Harvey Nichols' largest institutional shareholder, Deutsche Bank, yesterday estimated the upmarket department store was worth more than 300p a share, heightening speculation the fund management company could derail a 250p-a-share bid for the business.
A spokeswoman for Deutsche Bank said yesterday that its "theoretical estimate of fair value" for the Knightsbridge-based store had been "north of" 300p a share.
Deutsche Bank, which owns about 15 per cent of Harvey Nichols, believes last week's cash offer, which would see the company taken private if successful, was simply too low. Dickson Poon, the Hong Kong businessman who controls 50.1 per cent of the department store, nicknamed "Harvey Nicks", launched a 250p-a-share offer for the business last week.
That offer, which values the company at about £137.5m and which has been recommended to shareholders by management, is less than its flotation price. Harvey Nichols was floated on the stock market at 270p-a-share in 1996.
The Deutsche Bank spokeswoman said yesterday that the company planned to meet Harvey Nichols tomorrow to "better understand why they think 250p is a fair price".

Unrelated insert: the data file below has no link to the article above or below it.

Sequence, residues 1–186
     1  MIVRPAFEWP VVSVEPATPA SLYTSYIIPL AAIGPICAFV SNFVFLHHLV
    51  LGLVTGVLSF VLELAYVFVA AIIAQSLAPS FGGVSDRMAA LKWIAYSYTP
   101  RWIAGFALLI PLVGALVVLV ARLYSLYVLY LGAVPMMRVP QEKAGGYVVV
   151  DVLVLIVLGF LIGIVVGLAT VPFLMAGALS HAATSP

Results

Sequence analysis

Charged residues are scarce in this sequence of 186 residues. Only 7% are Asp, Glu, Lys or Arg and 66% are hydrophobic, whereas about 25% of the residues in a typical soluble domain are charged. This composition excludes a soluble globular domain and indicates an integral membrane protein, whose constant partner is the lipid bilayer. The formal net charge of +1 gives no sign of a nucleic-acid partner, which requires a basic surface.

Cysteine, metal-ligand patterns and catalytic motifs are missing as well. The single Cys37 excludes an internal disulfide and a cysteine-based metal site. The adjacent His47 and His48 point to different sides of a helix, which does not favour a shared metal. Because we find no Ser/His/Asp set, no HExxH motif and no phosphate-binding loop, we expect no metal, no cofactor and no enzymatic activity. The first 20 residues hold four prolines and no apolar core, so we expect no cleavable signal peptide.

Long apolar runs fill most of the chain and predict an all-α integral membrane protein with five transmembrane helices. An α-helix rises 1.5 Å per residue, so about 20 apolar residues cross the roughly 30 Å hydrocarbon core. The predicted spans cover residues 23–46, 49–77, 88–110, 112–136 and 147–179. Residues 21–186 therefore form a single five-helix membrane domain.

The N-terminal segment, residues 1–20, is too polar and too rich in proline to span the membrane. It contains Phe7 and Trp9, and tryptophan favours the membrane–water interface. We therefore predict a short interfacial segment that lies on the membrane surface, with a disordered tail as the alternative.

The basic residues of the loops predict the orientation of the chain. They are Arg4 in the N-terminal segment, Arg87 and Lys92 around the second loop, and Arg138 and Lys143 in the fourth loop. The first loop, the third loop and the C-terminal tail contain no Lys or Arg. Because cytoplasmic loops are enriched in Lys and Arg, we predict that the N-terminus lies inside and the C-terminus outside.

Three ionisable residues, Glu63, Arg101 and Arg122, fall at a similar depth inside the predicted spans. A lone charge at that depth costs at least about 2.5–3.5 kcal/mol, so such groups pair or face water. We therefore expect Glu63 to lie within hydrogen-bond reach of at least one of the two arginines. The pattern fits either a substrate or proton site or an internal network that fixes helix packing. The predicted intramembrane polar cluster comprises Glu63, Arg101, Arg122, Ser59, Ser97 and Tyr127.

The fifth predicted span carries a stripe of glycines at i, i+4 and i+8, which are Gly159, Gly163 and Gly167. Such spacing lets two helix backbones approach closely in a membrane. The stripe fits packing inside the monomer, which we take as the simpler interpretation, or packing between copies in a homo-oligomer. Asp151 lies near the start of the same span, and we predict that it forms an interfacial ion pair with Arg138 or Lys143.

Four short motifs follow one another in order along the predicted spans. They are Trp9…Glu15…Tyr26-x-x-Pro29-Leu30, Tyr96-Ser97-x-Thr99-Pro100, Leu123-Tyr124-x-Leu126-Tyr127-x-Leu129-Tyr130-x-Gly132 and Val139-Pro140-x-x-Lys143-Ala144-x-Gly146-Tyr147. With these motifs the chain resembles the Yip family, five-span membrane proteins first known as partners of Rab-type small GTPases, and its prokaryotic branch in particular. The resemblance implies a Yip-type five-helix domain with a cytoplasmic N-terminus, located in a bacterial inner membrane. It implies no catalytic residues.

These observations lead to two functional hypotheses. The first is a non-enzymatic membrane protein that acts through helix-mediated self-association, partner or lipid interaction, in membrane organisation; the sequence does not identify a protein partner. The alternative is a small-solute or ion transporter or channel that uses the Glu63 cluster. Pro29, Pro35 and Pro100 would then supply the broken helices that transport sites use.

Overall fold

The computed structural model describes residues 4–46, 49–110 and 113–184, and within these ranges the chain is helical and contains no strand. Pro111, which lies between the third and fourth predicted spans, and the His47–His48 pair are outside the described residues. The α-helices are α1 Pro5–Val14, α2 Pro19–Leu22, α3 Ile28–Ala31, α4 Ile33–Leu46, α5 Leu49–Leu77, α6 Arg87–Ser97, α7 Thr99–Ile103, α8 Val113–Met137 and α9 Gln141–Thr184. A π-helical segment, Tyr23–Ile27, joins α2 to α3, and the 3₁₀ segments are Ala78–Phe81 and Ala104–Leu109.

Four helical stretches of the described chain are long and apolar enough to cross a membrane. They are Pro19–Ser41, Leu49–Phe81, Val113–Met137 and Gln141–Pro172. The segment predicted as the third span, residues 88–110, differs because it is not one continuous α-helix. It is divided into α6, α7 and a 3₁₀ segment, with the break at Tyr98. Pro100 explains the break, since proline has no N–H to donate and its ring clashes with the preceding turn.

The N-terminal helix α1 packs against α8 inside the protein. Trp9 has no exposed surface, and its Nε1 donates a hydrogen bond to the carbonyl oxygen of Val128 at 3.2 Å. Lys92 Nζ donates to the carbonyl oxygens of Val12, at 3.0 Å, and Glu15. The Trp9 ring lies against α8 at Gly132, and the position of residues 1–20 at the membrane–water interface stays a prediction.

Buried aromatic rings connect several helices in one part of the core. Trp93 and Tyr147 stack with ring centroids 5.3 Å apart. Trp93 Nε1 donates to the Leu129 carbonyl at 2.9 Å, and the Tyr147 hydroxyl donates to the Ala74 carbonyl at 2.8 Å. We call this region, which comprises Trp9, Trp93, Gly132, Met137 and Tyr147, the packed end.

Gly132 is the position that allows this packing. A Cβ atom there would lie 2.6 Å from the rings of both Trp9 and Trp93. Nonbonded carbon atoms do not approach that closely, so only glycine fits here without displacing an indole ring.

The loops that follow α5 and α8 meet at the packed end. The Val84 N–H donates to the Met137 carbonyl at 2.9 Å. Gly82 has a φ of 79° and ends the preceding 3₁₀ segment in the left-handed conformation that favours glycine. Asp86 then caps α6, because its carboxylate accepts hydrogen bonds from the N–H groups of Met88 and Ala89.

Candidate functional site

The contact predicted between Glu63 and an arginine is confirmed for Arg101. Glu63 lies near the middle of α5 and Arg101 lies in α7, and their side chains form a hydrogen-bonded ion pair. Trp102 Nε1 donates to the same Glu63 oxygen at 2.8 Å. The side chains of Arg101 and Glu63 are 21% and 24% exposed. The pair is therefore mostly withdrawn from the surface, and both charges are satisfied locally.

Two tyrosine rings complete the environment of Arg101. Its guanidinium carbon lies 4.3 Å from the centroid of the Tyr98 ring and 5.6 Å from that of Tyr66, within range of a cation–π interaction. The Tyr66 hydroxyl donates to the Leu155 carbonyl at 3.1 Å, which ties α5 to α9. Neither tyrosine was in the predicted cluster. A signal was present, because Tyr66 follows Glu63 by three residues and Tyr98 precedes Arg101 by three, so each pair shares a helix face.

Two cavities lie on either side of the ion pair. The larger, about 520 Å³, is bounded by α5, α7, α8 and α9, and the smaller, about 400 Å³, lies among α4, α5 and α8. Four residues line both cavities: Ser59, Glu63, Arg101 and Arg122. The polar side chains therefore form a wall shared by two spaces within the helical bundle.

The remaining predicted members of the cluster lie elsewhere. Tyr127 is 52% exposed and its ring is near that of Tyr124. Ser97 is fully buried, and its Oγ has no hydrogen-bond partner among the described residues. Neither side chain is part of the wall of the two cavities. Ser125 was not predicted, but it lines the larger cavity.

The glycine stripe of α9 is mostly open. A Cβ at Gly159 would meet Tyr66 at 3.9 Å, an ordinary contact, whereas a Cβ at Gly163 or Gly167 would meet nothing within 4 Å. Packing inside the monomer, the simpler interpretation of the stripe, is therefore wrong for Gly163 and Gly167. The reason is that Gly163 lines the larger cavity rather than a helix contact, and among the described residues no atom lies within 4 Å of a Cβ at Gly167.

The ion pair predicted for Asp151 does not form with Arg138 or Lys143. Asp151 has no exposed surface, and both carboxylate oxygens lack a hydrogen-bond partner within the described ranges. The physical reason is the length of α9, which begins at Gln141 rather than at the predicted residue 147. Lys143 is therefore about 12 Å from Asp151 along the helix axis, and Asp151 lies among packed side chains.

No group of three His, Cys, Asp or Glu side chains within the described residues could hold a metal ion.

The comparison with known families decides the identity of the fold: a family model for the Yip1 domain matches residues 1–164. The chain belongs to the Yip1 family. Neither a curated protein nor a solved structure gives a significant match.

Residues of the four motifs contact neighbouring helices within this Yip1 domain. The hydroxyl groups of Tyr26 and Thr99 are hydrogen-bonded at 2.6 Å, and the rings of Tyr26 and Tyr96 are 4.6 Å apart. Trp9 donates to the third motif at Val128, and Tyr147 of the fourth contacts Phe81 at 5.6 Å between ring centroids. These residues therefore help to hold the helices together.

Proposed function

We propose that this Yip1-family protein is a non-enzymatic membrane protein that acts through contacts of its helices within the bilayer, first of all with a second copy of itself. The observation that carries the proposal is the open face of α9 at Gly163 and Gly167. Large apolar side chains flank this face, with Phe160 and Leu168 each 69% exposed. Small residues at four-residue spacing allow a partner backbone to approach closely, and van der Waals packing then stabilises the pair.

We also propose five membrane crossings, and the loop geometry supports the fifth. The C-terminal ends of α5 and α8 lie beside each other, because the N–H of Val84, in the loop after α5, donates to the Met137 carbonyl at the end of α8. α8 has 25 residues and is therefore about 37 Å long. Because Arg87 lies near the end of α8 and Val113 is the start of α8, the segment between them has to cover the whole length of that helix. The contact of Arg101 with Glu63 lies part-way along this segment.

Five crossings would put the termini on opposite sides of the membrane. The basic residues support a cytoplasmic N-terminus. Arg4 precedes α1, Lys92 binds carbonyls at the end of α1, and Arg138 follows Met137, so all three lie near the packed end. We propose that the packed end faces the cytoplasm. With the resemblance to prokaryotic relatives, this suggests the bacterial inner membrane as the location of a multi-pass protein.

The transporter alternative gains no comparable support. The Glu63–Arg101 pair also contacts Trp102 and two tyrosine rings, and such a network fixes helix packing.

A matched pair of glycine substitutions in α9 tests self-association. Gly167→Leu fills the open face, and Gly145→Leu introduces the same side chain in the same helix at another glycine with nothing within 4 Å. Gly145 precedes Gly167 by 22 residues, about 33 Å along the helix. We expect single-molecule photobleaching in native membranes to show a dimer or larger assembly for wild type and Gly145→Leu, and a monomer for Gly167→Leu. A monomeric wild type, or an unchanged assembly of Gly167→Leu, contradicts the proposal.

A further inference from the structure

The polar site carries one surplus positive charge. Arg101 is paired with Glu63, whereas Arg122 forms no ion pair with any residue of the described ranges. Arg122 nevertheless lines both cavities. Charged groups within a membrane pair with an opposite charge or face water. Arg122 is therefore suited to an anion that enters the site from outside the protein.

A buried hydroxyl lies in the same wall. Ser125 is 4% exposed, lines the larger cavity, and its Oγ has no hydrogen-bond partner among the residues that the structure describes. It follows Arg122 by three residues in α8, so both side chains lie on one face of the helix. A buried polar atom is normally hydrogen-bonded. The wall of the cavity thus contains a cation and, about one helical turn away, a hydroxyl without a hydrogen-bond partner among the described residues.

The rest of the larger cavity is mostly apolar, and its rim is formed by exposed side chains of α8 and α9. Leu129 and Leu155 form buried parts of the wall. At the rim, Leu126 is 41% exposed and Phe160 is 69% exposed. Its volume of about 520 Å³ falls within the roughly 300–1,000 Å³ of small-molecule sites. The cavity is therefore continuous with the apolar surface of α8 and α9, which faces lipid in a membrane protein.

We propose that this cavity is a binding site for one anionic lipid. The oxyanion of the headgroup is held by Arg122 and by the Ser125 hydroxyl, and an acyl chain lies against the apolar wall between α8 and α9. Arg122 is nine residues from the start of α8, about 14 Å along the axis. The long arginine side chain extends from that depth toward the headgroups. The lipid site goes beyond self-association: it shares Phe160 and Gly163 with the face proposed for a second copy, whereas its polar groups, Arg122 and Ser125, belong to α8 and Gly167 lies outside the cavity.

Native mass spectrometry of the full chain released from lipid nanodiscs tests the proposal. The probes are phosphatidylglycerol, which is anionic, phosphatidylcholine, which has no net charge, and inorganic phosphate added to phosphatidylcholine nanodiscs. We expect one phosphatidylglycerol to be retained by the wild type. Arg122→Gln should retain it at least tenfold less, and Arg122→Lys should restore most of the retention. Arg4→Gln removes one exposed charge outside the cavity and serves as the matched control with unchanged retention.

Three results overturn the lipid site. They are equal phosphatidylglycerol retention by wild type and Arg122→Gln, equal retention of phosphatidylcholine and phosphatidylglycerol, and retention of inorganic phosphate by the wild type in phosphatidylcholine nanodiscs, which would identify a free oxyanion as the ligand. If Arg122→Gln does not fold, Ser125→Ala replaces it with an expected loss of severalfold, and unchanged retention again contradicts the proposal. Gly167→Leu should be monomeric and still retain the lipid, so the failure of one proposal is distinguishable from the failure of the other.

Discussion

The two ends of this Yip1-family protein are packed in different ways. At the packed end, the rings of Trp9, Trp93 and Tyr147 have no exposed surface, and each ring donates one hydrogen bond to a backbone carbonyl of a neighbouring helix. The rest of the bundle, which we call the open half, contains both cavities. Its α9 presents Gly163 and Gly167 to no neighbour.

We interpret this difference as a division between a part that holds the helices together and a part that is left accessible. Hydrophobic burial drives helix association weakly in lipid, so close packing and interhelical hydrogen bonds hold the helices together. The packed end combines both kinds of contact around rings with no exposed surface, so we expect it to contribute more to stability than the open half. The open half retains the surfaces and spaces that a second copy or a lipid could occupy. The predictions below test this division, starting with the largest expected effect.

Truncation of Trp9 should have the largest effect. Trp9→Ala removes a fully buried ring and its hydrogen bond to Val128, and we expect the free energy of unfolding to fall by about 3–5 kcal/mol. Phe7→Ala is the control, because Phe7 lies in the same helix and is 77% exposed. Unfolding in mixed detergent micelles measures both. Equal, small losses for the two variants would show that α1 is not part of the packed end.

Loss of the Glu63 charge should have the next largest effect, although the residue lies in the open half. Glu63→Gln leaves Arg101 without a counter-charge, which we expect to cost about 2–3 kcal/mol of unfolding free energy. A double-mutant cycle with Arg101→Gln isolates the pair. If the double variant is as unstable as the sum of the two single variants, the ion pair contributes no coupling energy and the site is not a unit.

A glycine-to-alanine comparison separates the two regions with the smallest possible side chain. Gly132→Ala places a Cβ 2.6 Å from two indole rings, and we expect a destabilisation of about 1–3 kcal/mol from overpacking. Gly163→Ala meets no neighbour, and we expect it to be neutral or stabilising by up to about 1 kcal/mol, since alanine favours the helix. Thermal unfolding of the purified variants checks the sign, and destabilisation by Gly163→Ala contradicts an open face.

If Deutsche decides to reject Mr Poon's offer, it would effectively block the deal since his offer needs the support of 75 per cent of Harvey Nichols' minority shareholders. "Technically, we do have the ability to block the deal," the spokeswoman said. "They didn't sound us out before announcing this proposal and on the face of it, it looks like an unattractive price," she said.
Mr Poon, who is also Harvey Nichols' chairman, said last week that his offer represented "good and certain". "Due to its low market capitalisation and relative stock illiquidity, Harvey Nichols is not realising any material benefit from its listing," he said then.
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